A gun for Alfi Bey

I have written nothing for the past two months. A trip and research. Today I have been verifying and expanding on my research into the potential of the Mamluk, Alfi Bey, gaining possession of accurate firing rifles in the late 1700’s, when such weapons would be an extreme oddity if any existed. I believe that such an event could occur and in much the same manner described in the novel, Stonechild and Mamluk Treasure. German gunsmiths were masters of the trade with English and French gunsmiths producing excellent components. The web site http://www.ctmuzzleloaders.com/antique_guns/jaeger/jaeger.html discusses a rifled firearm commissioned by a German prince in the late 1700’s, possibly as early as 1780. That date fits with my time frame where a fugitive gunmaker reaches Egypt and gains the attention of Alfi Bey, an overly ambitious Mamluk of Egypt’s military ruling class.

The most interesting part of this research involved the discovery of mechanisms for developing a gun barrel from iron bars with little else than a charcoal-fired forge, iron bars, hammers, files and anvils. At this point in history such actions were a common occurrence.

Kobo vs Smashwords vs whoknows

The Stonechild Chronicles began to take shape sometime around 2002.  I began to write and to explore publishing opportunities.  I bought books on publishing and completed my first novel, Stonechild Volunteers.  I began planning a series and adopted the overall name, The Stonechild Chronicles.  I began sending query letters to publishers and agents, and quickly determined the traditional publishing route to be a dead-end, both for my topic and the reality of being a non-credentialed writer.

On, or near the year 2005, I abandoned any initial hope of obtaining a publishing agreement and decided to publish on-line.  First, though, I focused on building content.  To the initial title of Stonechild Volunteers, I added, Stonechild and the Minotaur Maze, and Stonechild’s Enigma.

My wife and I had already self-published my dad’s biography, Horses, Trails and Trophies  and I planned for Dad’s book to accompany my novels into the on-line world. With four major works on hand, I began to research methods of publishing on-line.  Fortunately for me I had reached a sweet spot in the evolution of on-line publishing.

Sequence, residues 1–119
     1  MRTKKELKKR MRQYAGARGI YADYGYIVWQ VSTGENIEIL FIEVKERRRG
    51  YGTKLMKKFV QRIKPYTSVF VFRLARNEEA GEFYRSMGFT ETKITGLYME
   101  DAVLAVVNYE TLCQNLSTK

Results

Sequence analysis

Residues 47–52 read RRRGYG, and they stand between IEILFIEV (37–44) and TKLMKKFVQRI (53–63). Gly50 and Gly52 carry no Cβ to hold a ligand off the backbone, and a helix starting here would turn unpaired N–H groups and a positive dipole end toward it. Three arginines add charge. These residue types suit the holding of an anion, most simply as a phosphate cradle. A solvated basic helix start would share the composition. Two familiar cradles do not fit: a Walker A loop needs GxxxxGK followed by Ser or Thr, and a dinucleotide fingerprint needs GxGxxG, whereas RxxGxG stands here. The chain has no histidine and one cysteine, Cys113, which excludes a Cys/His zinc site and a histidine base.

Smashwords.com provided an avenue for uploading Microsoft Word documents, setting one’s price, collecting money from purchasers, and retaining only 15% of the sale price.  Should works submitted come with covers and hyper-linked table of contents, Smashwords would place such works in their premium catalog and forward items to Apple’s iBookstore, Barnes and Noble, and some other on-line retailers who would then charge about 30% in royalties.

A problem surfaced at the end of year one in marketing on Smashwords.  Readers had purchased a few copies, a mere $75.00  worth, but still a few.  However, for Smashwords to forward a royalty check I had to register with the American Internal Revenue Service

I decided to seek another publisher, more friendly to non-American writers.  I found Kobo and moved my titles to that site.

Again, I haven’t gotten to the place where royalties are flowing, but still hope Kobo to work out.  The process for uploading is similar to Smashwords.

However, uploading to Amazon.com and to the Apple iBookstore offers greater potential than Kobo.  Kindle ereaders and Apple iPads are far more numerous than Kobo ereaders.  As I begin to put more emphasis on marketing and not just writing, I will have to seek the widest possible market-place.

American IRS here I come.